Splice is this year's retelling of Frankenstein, and having read several reviews convincing me it was more indie-art than monster horror, I went out (not on a date - thank goodness!) opening weekend to see it. Sarah Polley and Adrian Brody play Elsa and Clive, a couple of scientists building hybrid animals in the lab using gene splicing (don't think too hard about it) to develop pharmaceuticals. Delphine Chaneac is Dren, the monster, and primarily Elsa's creation.
The movie gets off to a great start. The pacing, the creepiness, the thought-provoking images (Elsa for a moment gets trapped by an artificial womb - I don't know what it means, but it was whoa symbolism). For the first 2/3's of the film, I was engrossed. The relationships between Elsa, Dren, and Clive develop with affection and curiosity, but also undercurrents of angst and repulsion, creating the perfect foreboding tone. The audience is also supposed to feel the moral repulsion Shelley's Frankenstein produced. In Shelley's version, I always felt too sympathetic with the monster to be completely disgusted, but Splice impressively had me nauseated half the film. Not the best feeling in the world, but I'm always excited when a movie can knock me that off-balance. (For another queasy but excellent film see Enduring Love with Daniel Craig.)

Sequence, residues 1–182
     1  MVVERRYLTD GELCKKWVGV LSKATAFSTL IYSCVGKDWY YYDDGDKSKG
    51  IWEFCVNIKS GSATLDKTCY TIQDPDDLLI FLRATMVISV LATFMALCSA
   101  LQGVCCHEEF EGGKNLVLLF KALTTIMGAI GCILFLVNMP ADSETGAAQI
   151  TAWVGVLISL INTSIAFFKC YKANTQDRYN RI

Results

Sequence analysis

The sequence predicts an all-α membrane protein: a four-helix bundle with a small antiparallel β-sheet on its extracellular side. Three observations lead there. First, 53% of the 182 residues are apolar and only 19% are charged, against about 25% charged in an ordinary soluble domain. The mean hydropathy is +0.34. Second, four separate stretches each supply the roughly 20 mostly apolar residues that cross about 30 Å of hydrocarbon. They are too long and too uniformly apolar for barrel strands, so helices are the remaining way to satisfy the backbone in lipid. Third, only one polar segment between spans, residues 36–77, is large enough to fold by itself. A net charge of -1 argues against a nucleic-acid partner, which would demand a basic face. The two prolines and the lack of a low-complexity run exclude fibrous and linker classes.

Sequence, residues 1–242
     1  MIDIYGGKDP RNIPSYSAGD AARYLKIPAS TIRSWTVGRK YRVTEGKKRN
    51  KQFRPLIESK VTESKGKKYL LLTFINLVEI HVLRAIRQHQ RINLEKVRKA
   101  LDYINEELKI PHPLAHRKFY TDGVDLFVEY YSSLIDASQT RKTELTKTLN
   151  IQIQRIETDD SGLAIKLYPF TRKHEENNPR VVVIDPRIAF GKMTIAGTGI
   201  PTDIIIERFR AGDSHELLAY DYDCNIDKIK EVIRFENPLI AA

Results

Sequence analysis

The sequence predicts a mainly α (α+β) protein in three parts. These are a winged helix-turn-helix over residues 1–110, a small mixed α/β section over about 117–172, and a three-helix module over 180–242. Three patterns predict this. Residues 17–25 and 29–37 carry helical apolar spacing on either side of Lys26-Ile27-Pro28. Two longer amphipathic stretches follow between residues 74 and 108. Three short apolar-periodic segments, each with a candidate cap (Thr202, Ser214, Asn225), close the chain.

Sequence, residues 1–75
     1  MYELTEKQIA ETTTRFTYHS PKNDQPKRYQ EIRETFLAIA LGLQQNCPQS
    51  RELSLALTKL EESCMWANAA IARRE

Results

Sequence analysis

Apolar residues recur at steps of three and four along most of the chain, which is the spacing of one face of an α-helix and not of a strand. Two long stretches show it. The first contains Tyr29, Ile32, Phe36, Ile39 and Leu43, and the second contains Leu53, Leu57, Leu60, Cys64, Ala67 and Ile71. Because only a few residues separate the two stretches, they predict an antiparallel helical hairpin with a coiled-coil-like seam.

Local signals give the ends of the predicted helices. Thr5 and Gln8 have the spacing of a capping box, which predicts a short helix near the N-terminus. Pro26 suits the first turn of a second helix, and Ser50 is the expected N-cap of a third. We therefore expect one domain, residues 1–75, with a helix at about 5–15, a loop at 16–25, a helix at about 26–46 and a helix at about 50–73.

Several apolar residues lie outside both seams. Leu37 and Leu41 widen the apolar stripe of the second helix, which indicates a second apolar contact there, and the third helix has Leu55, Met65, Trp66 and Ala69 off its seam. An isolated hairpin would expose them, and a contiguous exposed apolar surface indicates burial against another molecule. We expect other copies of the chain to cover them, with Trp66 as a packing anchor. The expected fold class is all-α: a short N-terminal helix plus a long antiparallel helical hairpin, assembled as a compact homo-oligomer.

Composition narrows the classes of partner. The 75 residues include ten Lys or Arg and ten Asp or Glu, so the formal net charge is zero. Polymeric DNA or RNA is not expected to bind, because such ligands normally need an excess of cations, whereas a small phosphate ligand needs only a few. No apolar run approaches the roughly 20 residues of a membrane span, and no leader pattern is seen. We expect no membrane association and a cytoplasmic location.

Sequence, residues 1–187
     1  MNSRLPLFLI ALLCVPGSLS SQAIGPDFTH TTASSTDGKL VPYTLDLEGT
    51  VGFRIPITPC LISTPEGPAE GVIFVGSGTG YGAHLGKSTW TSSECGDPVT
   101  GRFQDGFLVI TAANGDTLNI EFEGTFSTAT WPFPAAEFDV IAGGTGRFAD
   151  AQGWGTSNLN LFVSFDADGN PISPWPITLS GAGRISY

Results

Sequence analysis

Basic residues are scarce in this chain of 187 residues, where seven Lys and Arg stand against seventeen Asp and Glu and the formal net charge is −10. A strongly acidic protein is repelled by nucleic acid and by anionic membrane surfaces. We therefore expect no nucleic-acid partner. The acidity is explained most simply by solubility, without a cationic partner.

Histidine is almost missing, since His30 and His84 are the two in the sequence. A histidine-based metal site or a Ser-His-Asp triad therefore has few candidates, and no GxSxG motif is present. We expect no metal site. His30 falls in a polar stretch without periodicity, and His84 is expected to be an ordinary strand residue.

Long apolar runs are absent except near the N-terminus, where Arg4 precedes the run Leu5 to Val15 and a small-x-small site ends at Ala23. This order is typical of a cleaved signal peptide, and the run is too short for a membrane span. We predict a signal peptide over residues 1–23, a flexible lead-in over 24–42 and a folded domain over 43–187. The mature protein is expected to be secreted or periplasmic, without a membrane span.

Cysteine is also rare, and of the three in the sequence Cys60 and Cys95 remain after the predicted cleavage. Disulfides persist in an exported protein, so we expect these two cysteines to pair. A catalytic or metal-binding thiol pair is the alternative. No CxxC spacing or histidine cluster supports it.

All that said, the movie really falls apart in the final act, where it abandons its intellectual premises and devolves into a typically implausible and uninteresting monster movie (arms clawing out of the water, scared scientists dropping their flashlights, the whole nine yards.) I left the theater hugely disappointed, seeing the potential for a really great story squandered. All ambiguity is removed from Dren's character, making her story that much less sad and intriguing in retrospect. My two cents: unless you're looking for some cheap thrills in the theater, wait for the DVD to arrive on Netflix.
The Feminist Angle
Splice, like many horror movies, actually does pretty well from a feminist point of view. Elsa is the story's hero, and Dren the tortured monster, both female. Their relationship is also the core of the film, which easily passes the Bechdel Test. Elsa is written as a complete character (as well as Clive) with a believable professional life, personal history, and romantic relationship. She expresses ambivalence about motherhood but develops strong feelings for Dren, a more nuanced view of maternity than is explored in most movies. [Spoiler Alert] The movie does play with the Final Girl trope (discussed at length here), but subverts some of the tradition's less progressive aspects. Our Final Girl is not being allowed to survive because she's been particularly virtuous. Instead, her independence and ambition (some would say heartlessness) seem to serve her well. She is also allowed to defeat the baddie without assuming a phallus (chainsaw or gun in most movies). On the other hand, the film has to get serious demerits for inserting an entirely gratuitous rape scene.
So to conclude, Splice was almost a completely awesome totally feminist scifi morality play, but in the last 25 minutes the director squandered this potential. Is there any hope for a director's cut with an alternate ending?